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The use of dollars in global payments is at a record high

 The use of dollars in global payments is at a record high

Transactions in the US currency rose 46% last July

The dollar's role in international payments increased last month, reaching an all-time high, according to the latest data from the global money transfer system, SWIFT.

The figures show that dollar-related trading rose to a record 46% in July, compared to just over a third a decade ago. The dollar was the first currency as measured by the number of transactions, followed by the euro, the pound sterling, the yen and the yuan.

Major international banks use the "Association for International Interbank Financial Telecommunications" system known as "SWIFT" to communicate with each other and facilitate currency transactions between banks. The information that SWIFT breaks down, such as about 200 million confirmations of forex trades annually; It has provided a window into global flows since the system began compiling them in 2010. The latest figures reflect a technical upgrade that builds on changes this year to how trades are monitored.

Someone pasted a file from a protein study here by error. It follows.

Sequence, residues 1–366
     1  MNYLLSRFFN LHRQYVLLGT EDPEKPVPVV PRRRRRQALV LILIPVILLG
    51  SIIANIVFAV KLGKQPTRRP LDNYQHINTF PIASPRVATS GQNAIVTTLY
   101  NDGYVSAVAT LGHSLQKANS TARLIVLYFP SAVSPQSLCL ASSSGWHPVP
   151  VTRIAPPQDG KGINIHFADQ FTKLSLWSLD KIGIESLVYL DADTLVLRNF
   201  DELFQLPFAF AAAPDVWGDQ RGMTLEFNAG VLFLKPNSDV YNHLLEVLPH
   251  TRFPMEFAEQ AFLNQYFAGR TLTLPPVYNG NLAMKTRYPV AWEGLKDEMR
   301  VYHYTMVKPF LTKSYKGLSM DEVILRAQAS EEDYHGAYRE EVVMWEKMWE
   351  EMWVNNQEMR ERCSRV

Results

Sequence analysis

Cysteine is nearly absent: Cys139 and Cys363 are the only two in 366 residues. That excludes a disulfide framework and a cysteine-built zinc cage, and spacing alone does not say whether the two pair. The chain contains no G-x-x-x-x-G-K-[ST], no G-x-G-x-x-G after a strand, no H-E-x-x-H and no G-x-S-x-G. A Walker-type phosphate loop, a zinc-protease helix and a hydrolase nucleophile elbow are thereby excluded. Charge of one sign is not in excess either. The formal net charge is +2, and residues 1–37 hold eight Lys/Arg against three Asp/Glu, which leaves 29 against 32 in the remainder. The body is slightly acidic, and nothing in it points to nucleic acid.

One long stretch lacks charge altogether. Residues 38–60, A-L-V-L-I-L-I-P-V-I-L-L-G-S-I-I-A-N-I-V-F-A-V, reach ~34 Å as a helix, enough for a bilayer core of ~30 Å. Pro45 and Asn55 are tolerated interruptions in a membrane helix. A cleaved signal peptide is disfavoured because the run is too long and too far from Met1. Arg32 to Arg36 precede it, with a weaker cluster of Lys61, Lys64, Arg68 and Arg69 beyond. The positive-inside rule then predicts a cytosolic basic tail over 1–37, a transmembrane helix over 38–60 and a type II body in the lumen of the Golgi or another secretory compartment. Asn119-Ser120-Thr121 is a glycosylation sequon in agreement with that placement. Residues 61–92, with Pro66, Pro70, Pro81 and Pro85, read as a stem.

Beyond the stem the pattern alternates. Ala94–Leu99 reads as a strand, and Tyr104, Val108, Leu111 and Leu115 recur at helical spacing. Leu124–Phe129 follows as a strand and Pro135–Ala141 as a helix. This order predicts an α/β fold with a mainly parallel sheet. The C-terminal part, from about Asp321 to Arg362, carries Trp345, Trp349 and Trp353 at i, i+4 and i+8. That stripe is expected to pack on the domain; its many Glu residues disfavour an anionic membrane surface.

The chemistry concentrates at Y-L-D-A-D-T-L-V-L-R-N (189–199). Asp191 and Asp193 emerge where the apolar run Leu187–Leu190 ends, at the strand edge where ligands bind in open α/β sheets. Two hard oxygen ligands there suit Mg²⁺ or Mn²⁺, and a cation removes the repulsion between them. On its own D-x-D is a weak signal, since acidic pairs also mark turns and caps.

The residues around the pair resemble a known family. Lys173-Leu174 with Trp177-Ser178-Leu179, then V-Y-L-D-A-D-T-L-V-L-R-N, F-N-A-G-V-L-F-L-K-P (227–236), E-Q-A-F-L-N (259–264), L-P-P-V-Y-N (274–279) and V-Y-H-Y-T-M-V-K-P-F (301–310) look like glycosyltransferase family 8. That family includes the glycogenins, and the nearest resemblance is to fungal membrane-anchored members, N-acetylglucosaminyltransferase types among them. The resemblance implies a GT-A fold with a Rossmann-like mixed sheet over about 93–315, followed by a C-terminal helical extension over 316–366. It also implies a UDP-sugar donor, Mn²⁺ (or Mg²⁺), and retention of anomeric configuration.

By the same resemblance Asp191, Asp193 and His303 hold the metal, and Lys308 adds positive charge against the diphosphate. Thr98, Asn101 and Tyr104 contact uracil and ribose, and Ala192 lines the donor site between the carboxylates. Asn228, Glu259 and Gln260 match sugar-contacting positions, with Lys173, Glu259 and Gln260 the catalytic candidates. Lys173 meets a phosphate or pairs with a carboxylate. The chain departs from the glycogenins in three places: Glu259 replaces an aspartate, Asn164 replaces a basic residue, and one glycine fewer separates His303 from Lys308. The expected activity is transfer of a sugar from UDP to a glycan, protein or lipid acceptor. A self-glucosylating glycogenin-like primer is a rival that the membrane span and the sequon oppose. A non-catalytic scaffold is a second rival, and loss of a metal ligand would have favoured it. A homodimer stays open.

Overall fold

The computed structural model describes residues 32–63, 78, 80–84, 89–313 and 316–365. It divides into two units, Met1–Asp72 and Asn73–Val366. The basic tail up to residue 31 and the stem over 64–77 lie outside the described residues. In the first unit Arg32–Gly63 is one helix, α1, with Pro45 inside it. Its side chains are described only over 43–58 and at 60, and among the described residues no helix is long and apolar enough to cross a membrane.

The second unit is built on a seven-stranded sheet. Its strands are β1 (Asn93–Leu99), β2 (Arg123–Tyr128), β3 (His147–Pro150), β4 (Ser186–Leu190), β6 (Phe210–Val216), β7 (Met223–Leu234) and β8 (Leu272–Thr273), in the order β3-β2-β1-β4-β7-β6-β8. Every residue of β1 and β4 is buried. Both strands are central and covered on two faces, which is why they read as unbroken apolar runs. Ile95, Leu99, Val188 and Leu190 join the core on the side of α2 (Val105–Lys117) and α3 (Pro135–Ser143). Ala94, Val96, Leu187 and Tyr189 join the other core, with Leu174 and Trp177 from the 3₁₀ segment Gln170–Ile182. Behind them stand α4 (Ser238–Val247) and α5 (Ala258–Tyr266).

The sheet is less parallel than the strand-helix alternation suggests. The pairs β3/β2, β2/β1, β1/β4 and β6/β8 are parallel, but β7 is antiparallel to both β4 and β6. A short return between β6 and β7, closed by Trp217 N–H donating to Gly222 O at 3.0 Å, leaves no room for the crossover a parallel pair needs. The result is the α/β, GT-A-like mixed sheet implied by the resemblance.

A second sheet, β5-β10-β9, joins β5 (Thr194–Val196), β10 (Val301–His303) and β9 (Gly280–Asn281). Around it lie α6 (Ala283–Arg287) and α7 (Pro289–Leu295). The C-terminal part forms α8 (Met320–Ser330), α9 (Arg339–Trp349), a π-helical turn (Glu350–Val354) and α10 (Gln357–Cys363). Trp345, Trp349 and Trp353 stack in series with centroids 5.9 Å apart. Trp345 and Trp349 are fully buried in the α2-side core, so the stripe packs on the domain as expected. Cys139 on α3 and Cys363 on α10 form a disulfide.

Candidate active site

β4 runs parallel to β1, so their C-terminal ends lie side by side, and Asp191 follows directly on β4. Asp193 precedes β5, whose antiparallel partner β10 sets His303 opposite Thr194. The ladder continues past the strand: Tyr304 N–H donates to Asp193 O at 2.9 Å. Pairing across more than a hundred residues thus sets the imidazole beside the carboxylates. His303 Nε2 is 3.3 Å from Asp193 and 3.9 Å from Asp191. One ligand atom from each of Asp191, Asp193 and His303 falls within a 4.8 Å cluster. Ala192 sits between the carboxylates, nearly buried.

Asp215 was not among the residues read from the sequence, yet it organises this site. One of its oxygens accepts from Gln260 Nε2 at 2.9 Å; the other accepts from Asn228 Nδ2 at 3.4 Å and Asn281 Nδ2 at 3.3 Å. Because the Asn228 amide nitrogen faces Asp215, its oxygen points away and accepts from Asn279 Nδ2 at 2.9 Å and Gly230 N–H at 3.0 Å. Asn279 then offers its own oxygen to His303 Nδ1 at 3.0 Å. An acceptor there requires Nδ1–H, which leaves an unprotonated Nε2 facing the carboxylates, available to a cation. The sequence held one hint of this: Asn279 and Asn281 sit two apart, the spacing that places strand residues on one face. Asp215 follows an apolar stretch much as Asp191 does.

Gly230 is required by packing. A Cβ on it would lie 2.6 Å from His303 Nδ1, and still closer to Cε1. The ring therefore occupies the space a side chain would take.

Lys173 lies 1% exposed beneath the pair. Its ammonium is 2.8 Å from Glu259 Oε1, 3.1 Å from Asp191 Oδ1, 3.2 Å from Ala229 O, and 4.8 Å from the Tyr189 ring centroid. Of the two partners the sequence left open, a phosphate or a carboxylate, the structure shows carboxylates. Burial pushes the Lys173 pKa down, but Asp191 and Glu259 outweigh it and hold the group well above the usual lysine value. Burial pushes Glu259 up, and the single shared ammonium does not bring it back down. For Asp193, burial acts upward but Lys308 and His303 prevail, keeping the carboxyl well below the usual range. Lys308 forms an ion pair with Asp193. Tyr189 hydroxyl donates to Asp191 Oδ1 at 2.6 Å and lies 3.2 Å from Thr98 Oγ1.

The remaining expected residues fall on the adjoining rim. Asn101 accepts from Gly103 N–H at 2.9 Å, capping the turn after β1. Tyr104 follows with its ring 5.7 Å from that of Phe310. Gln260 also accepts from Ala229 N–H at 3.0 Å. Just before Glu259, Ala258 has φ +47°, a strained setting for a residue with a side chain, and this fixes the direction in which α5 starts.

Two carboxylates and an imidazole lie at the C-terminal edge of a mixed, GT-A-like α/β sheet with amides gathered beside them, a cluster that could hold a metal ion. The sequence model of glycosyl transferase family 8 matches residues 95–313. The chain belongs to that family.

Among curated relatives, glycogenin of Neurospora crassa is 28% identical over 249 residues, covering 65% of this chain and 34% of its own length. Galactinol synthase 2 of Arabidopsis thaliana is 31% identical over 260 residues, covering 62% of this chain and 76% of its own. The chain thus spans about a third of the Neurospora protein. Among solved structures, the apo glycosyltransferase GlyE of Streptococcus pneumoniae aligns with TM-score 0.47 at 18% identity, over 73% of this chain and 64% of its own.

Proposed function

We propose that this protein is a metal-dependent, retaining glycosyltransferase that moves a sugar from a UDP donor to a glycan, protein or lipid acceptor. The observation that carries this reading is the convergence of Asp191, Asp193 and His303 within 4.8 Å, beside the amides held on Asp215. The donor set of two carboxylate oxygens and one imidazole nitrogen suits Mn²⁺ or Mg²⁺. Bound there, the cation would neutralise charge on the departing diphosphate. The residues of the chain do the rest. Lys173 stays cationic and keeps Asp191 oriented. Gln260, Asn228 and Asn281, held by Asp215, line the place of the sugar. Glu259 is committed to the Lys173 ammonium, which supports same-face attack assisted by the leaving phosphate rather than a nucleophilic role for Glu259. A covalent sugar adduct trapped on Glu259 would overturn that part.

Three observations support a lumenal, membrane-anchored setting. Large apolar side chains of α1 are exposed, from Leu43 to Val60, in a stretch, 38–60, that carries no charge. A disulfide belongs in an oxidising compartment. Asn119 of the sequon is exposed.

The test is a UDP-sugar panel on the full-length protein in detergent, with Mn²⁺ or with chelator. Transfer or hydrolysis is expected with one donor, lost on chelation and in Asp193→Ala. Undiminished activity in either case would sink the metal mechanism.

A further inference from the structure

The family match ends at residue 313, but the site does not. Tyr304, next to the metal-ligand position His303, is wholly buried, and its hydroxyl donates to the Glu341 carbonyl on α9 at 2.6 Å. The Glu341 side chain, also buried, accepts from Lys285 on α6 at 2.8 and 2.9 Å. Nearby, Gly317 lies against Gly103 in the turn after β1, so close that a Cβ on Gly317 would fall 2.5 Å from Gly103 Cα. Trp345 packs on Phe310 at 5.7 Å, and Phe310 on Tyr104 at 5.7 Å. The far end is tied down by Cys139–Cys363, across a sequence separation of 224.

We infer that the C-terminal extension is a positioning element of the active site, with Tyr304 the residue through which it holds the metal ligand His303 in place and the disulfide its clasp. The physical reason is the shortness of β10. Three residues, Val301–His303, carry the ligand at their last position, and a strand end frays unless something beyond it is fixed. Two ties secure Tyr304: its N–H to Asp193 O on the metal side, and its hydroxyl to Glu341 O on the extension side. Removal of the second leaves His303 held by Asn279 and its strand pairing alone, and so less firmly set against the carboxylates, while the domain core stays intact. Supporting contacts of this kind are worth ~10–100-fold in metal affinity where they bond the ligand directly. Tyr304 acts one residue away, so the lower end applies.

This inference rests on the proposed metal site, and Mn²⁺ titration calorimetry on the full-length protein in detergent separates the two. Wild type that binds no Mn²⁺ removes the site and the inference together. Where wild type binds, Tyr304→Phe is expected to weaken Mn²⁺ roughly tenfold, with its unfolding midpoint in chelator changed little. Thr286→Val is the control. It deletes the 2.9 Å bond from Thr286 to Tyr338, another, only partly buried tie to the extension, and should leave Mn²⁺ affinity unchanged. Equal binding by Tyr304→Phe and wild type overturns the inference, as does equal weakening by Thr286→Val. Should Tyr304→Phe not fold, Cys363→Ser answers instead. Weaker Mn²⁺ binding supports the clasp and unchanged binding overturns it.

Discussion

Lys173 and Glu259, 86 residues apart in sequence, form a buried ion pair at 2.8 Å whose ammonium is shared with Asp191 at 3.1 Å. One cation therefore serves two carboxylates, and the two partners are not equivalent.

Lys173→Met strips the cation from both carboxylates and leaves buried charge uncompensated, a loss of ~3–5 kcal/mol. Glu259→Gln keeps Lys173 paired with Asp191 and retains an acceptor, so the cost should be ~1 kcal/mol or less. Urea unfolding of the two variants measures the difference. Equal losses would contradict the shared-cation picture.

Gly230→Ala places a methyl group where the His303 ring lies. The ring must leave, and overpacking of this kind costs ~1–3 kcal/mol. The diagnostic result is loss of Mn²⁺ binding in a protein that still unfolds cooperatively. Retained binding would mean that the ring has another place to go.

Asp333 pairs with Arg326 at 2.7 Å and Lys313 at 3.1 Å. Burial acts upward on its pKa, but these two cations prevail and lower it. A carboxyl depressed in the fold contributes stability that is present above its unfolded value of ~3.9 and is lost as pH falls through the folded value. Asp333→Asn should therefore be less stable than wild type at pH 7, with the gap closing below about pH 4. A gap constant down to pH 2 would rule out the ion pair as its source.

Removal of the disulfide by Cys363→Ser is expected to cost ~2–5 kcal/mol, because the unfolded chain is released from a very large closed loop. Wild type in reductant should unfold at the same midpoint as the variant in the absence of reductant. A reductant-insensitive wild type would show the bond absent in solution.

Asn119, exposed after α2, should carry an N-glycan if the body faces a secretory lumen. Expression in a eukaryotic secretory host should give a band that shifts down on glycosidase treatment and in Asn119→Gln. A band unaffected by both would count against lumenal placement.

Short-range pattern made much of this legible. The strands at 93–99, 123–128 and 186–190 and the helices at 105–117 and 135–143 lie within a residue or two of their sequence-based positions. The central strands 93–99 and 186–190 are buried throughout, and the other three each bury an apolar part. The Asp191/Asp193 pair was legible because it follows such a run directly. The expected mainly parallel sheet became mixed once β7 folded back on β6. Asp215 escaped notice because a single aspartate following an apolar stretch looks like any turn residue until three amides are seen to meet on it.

While SWIFT data does not cover the entire currency market; But it reinforces the notion that the dollar's role in international finance remains strong, even with some efforts toward greater diversification. For example; The multilateral bank set up by the BRICS group of emerging market countries aims to raise the share of financing in local currencies to 30% from less than 20%.

The increased dollar earnings from SWIFT transactions came largely at the expense of the euro, whose share in international transactions reached a 2012 high of 46%. Last month, the European currency's share of trades was at an all-time low, at just under a quarter.

The SWIFT data also reveals the increasing frequency of yuan-related transactions, as the Chinese currency has gradually become more integrated into global foreign exchange flows. In July, for only the second time ever; More than 3% of SWIFT transactions concerned the yuan, while in 2010 this figure was around 0.03%.


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